It seems that LGBT inclusion does not register as a priority to be communicated for most FTSE 100 companies. Perfunctory mentions of LGBT inclusion, unqualified by specific LGBT-focused inclusive activity, could suggest that many view LGBT diversity as merely a compliance issue, and are failing to pursue greater inclusion as a priority.
All in all, it feels fantastic to have arrived at this unconscious state of being gay. I used to wake up and the first thing I'd think about would be 'coming out'. Now I wake up and worry about the things I should be worried about: do I have enough petrol in my car to get to work? Do I have anything in the fridge for dinner tonight? Am I going to finish this work on time?
I'd like to see a change in sex education, the sooner the better. Sex education needs to provide a more intimate and truthful depiction of sex for LGBTI+ people. The dangers of sex of course, need to be addressed but we also need to turn our heads to the enjoyment of sex and consent. At the moment, there is a lack of understanding and it is dangerous.
We've come so far and yet there is some way to go. Labour's next leader will undoubtedly play a key role in the fortunes of the LGBT movement in this country and others. That is why as a party we have an obligation to scrutinise the records of those running for leader. I have, and that's why I'm backing Yvette.
Last night when debating equal marriage someone asked on Facebook "What is it that the LGBT don't have?" So I decided to put together a comprehensive little list for those who are 'getting tired of all this equality sh*t' as they have put it.
Nobody should ever have to feel singled out in life. That's the message I'm trying to get across. The response has been amazing. I've received messages from other young transgender teens saying that my video has inspired them to stand up to abuse and believe in themselves. I'm glad I've got a few Beliebers.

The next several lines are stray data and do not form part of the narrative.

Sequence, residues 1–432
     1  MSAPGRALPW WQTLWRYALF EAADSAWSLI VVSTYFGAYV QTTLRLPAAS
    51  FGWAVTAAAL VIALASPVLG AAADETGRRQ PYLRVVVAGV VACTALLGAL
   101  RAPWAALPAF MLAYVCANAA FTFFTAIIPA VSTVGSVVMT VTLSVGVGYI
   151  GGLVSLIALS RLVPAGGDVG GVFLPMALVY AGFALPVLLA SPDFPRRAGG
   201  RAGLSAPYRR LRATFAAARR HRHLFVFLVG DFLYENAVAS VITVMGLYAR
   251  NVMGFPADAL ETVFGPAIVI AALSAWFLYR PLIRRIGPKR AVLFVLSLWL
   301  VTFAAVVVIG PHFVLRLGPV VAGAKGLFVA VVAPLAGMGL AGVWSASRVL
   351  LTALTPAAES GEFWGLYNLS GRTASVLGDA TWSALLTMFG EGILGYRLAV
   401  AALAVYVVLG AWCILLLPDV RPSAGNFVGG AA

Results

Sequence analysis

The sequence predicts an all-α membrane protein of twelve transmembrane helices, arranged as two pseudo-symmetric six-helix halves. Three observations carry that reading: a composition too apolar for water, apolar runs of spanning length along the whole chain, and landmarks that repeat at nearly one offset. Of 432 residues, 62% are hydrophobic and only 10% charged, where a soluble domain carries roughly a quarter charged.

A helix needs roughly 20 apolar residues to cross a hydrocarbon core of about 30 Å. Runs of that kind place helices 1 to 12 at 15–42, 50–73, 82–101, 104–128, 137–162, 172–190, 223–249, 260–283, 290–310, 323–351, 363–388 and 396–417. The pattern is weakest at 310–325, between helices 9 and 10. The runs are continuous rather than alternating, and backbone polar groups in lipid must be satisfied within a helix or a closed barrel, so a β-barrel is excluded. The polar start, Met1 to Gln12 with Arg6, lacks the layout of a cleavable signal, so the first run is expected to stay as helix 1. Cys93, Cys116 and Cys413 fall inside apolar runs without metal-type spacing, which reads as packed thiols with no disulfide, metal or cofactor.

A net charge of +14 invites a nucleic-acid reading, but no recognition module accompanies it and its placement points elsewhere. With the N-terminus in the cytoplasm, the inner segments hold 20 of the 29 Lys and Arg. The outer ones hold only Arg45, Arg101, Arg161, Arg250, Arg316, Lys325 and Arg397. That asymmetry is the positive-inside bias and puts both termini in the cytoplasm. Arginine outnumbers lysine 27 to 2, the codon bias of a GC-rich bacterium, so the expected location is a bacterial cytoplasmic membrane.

I remember the first time I was called a faggot. I was sixteen, standing outside my maths classroom after lunch.
There is plenty to celebrate as countries across the world recognise same sex relationships. At the same time there is still much further to go before equality is achieved. In the UK while gay marriage has been legalised in England, Scotland and Wales, it has been repeatedly blocked in Northern Ireland.
Not every gay couple is going to find this an issue and will be OK about compromising but I think it means more to me because after so many years in the closet, I am no longer willing to hide who I am.
Thing is, there are trans people who haven't always known, but that doesn't make their identities any less trans than someone who's always known.
It took a long time for me to realise, with the help of counsellors at the Rainbow Project and Lifeline (two fantastic resources that I was able to use to save my own life) that I am loved, I am valued and I am as deserving of happiness as anyone else. But it has to start with accepting yourself first.
Here is a list of just some of the comments I receive on a daily basis: "OMG. That's a MAN!', "ERR. I'm not going near that", "Go kill yourself!", "You were born a man, so be a man!", "Your mum should be ashamed", "You dirty tranny", "I'm going to smash your face in, watch!", "you're going to hell". The list is endless.
Coming off the stage after possibly turning the air a bit blue with my acceptance speech (keep it real I thought!), lots of people were coming up to me to say thanks and tell me how inspiring my speech was, heaping praise on me and generally saying lovely things - now this is something I find incredibly difficult to accept.
When I heard the incredible news that marriage is now legal regardless of gender in the USA, it reminded me of something that occurred to me recently - we are the first generation of parents that can describe marriage exactly as it is, an expression and celebration of the love two people have for each another, regardless of gender and sexuality, without exclusions.
Now dubbed the 'miracle' HIV pill, PrEP poses some provocative questions for the UK. Does this medicine represent sheer liberation for MSM
I celebrate Pride every day that I wake up with my girlfriend. Pride consumes my every movement. My every achievement. My struggle lifts me beyond all I thought possible. I accept that my pride is what makes me different, but also just the same.